This wonderful site allows debugging and testing regular expressions (many flavors available). An absolute must have in your bookmarks.
Another excellent RegExp tutorial. Don't forget downloading your copy of up-to-date pcretest.exe and pcregrep.exe here
RegExp tutorial: enough to get started
PCRE v8.33 regexp documentation latest available release and currently implemented in AutoIt beta.

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SQLite Expert (freeware Personal Edition or payware Pro version) is a very useful SQLite database manager.
An excellent eBook covering almost every aspect of SQLite3: a must-read for anyone doing serious work.
SQL tutorial (covers "generic" SQL, but most of it applies to SQLite as well)
A work-in-progress SQLite3 tutorial. Don't miss other LxyzTHW pages!
SQLite official website with full documentation (may be newer than the SQLite library that comes standard with AutoIt)

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I copied the way you did it in Mathematica into Haskell, mostly, and I got the same result as last time.  What is that N?  Does that determine the amount of accuracy?  I guess that Haskell is less accurate with big integers.

binet :: (Integral a, Integral b) => b -> a
binet 0 = 0
binet 1 = 1
binet n = floor $ (((1.0 + sqrt 5.0) / 2.0) ^^ n) / sqrt 5.0

binet 300 = 222232244629420209822385128170375707838090877146854766455816192

That's a disappointment.

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Yes, in MMa, N[<expr>, x] internally works its way thru <expr> to give you at least x decimal digits accuracy.

In fact there is a whole set of precision and accuracy parameters than you can tweak to achieve the desired goal with confidence.

It's no big surprise that a monster like Mathematica has unmatched features to deal with overly complex or uncommon precision-hungry expressions, at least compared to a generic language where these complexities are not the main features nor the expected highlights.

Nonetheless Haskell still has a pretty good arbitrary precision library for what it is and for the tasks you can expect it will do well.

A top-notch CAS (computer algebra system) is required to embark an unbelievable set of both low-level and high level functions, optimizations and dedicated features that general-purpose software can't afford to mimic. Have a look for example at the incredible Wolfram Demonstration Project to see that Mma includes not only pure math abilities but also offers high-end graphics, sounds, databases support, distributed computation, ...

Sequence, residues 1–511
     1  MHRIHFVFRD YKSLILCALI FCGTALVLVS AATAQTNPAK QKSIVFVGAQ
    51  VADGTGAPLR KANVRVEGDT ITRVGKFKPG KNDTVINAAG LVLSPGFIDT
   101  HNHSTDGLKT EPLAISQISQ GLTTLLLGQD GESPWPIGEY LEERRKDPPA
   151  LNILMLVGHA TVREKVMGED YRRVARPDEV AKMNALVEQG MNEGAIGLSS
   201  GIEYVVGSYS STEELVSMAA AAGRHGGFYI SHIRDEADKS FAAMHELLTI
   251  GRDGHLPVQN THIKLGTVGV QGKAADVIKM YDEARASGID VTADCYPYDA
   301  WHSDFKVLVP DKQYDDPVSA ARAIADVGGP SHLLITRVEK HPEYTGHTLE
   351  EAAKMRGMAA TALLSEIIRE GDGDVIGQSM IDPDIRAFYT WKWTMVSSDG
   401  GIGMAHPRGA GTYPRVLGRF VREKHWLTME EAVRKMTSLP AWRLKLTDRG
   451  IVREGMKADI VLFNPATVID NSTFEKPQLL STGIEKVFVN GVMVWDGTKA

My personal opinion about the Mathematica language itself is that even if it lacks some features Haskell has built-in (e.g. laziness + filters) it is more versatile and consistent from the ground up: everything being a list makes functional programming more systematic. There are no FP operators acting on tuples of integers only or such. Head and tail of an empty list are indeed emty lists and don't generate exceptions.

Some web pages are doing a side by side comparison Mma vs Haskell and decide that Mma is slower on this and that algorithm. It's trivial that an interpreted language can hardly compete in speed with a compiled language. OTOH you can still emit C code with a paid version of Mma for any notebook, then speed is fairly comparable if not faster. Mma also has built-in support for massive GPU computations (both OpenCL and CUDA) which few languages have out of the box. Finally you can still use the power of MathLink to use the computing power of a remote supercomputer (or clusters of such) and have the result in almost real-time in your Mma notebook.

I love unique features like up-values and down-values of functions, efficient sparse matrix operations, rules and patterns, built-in debugging and so much more. Mathematica offers all the programming paradigms I can dream of, which I can freely intermix when I need to.

I told you I was a big fan!

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This wonderful site allows debugging and testing regular expressions (many flavors available). An absolute must have in your bookmarks.
Another excellent RegExp tutorial. Don't forget downloading your copy of up-to-date pcretest.exe and pcregrep.exe here
RegExp tutorial: enough to get started
PCRE v8.33 regexp documentation latest available release and currently implemented in AutoIt beta.

SQLitespeed is another feature-rich premier SQLite manager (includes import/export). Well worth a try.
SQLite Expert (freeware Personal Edition or payware Pro version) is a very useful SQLite database manager.
An excellent eBook covering almost every aspect of SQLite3: a must-read for anyone doing serious work.
SQL tutorial (covers "generic" SQL, but most of it applies to SQLite as well)